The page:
May 30, 2021

Is it Too Early to Open a Baby Savings Account

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Have a little one on the way? Learn when you can open a savings account for your child, the best accounts to use, and which fees to watch out for.

Is it too early to open a savings account for your baby?

The short answer is: Nope. (Even if you're still expecting - more on that later.)

In this article, review the key considerations for parents, including:

  • The different banking rules depending on your child's age
  • The best savings accounts for your baby, and how to open one
  • How to decide if it's the right move for you.

When Can You Open a Bank Account for a Baby?

There are strict rules and regulations for banks and other financial institutions. As a result, it's not always as easy as walking into a branch and saying you'd like to open an account.

Unborn babies and children under 18 are two such examples.

Let's go over the different rules that apply to each.

Banking Rules for Unborn Children
If you're still expecting, you technically can't open a bank account for the specific purpose of your baby-to-be. This is because unborn children can't yet own property as they do not legally exist until birth.

However, you can still open a savings account in your own name and then add your child to the account after they have been born.

Banking Rules for Children Under 18
Rules vary based on state laws and the rules of individual banks, but children under 18 usually can't own a savings account alone. However, you can open a joint bank account for your child and assign them as a co-owner.

When they turn 18, you can remove your name from the account.

If you're looking to give your child money earlier, you can also convert the account into a checking account, which children 13 and older can legally own.

What are the best financial gifts for a baby?
  • US Treasury Bonds are a great gift for young children; the current APY on the 20-year T Bill is a respectable 2.19%.
  • 529 Plans allow you to invest money in the stock market and spend it tax-free on higher education
  • Cash contributions into the child's savings account

What Type of Savings Accounts Should You Open for Your Baby?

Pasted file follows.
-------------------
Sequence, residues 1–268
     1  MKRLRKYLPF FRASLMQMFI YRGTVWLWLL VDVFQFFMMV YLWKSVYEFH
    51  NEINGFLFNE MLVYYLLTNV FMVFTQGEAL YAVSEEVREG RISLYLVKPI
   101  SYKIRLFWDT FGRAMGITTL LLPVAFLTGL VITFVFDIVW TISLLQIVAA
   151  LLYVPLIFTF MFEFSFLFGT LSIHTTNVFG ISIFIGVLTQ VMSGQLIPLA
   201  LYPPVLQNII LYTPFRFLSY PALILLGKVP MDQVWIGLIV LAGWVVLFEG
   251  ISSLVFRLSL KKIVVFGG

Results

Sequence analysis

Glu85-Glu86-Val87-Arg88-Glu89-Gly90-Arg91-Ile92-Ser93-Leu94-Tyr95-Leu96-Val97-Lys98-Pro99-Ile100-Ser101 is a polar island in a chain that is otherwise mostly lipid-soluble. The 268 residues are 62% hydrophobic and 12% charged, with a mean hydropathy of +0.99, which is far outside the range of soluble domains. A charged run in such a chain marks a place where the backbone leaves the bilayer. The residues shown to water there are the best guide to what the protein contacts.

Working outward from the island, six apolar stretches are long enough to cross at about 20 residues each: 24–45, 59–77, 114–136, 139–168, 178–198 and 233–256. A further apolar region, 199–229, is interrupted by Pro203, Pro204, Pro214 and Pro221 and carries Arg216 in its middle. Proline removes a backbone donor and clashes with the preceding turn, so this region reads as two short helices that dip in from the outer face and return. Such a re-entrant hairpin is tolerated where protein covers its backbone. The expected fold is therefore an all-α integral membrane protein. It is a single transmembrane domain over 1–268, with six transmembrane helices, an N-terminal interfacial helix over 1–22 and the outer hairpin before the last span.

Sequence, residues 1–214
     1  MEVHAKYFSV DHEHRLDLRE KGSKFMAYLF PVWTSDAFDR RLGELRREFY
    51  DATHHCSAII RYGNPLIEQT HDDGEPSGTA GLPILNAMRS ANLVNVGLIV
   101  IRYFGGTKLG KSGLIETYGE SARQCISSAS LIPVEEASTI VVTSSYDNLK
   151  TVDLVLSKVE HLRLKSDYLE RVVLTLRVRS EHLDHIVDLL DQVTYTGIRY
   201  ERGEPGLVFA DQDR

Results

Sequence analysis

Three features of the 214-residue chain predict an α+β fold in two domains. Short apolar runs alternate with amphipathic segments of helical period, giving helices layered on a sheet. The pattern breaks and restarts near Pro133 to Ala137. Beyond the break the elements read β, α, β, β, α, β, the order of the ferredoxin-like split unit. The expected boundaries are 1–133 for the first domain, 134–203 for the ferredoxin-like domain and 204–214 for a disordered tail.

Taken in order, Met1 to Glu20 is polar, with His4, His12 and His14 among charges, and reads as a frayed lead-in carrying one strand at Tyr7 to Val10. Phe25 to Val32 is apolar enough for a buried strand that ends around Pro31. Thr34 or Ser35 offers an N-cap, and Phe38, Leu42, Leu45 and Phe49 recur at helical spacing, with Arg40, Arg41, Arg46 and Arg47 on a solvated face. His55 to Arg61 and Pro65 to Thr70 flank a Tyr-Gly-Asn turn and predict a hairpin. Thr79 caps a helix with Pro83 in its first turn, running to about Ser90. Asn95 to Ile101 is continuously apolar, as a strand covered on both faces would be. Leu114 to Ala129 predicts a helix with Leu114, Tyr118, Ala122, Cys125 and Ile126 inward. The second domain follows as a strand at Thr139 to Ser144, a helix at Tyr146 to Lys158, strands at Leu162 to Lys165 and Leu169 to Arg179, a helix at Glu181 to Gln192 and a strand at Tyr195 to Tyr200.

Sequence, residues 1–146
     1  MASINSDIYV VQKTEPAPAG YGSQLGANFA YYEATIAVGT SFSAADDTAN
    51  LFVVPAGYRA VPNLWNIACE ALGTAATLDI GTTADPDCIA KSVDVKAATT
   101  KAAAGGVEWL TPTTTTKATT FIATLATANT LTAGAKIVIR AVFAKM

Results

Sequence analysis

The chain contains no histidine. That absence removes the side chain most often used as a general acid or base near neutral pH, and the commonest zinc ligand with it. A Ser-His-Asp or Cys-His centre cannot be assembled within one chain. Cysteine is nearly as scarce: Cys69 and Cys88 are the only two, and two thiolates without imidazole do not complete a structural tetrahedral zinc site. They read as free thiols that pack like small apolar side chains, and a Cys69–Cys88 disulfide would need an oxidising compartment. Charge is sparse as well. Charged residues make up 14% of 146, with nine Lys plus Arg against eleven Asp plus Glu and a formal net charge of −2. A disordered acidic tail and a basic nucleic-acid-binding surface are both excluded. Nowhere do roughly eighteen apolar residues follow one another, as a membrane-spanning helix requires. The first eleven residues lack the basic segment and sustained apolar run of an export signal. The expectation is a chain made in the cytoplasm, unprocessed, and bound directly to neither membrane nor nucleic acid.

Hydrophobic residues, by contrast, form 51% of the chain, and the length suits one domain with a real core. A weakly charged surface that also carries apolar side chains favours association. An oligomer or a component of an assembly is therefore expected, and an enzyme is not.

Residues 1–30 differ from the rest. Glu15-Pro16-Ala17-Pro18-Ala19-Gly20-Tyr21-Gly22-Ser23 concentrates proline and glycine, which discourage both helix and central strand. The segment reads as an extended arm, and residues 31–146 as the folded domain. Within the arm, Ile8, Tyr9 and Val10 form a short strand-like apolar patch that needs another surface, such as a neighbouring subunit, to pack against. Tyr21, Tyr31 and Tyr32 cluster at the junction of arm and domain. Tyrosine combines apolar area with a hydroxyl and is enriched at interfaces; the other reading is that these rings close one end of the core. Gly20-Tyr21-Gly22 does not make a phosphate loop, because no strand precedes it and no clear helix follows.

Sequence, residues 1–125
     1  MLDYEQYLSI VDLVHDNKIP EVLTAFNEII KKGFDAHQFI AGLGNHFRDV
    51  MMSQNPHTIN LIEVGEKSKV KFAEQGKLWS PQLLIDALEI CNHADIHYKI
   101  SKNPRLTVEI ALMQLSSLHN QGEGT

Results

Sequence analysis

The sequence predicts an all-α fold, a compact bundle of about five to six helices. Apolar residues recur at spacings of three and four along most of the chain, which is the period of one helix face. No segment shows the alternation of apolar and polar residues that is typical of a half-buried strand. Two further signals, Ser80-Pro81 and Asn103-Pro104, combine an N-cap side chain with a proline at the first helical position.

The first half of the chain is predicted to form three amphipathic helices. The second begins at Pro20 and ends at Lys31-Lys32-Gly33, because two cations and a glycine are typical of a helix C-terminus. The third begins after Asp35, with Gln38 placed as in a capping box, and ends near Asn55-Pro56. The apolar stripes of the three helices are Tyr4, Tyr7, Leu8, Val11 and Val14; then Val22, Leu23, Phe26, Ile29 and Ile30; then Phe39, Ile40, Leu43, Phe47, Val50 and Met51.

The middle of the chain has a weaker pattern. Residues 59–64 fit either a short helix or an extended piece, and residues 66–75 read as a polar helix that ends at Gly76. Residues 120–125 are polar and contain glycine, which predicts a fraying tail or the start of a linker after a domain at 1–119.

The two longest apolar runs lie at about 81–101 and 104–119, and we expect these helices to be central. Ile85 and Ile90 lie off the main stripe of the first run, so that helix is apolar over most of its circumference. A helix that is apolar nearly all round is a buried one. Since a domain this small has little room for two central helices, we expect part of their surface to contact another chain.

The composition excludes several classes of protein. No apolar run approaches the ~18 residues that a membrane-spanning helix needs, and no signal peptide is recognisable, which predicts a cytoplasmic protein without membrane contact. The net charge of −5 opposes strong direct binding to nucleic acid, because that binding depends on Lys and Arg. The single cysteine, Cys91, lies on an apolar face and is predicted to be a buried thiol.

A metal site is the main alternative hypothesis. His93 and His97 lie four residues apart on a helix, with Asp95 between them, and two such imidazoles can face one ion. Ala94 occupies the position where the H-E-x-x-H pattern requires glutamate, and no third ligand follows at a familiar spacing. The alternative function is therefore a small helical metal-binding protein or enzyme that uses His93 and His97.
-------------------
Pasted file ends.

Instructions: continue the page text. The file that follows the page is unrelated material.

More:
There are three types of accounts you can set up for your child. What you choose depends on your unique situation and needs.


  1. Joint Savings Account: A joint account allows you to add your child as a co-owner. Deposits earn regular monthly interest. When your baby turns 18, you can decide if you want to remove yourself from the account to give sole ownership to your child.

  2. Custodial Savings Account: UTMA and UGMA accounts list you as the owner and your child as the beneficiary. The account transfers ownership to the child once they turn 18 (or 21 in some cases). These accounts can also hold different types of assets such as stocks, bonds, and real estate.

  3. Education Savings Account: 529 Plans carry a range of tax benefits for you and your child. These accounts place money into an investment portfolio of your choosing and offer the greatest potential to increase assets over time.

The Best Savings Accounts for Baby

1. Alliant Kids Savings Account
To open an Alliant Kids Savings Account, parents must be a member of the credit union and the account must be linked to the parent's Alliant checking account.

However, Alliant offers hands-down the best perks available, including higher interest and your minimum deposit waived.

Features:

  • 0.55% APY on balances over $100
  • $1 monthly fee (waived when you opt-in to e-statements)
  • $5 initial deposit bonus

2. Capital One Kids Savings Account
This is arguably the most accessible and simple option. Any adult over 18 (not only parents) can open a Capital One Kids Account for a minor.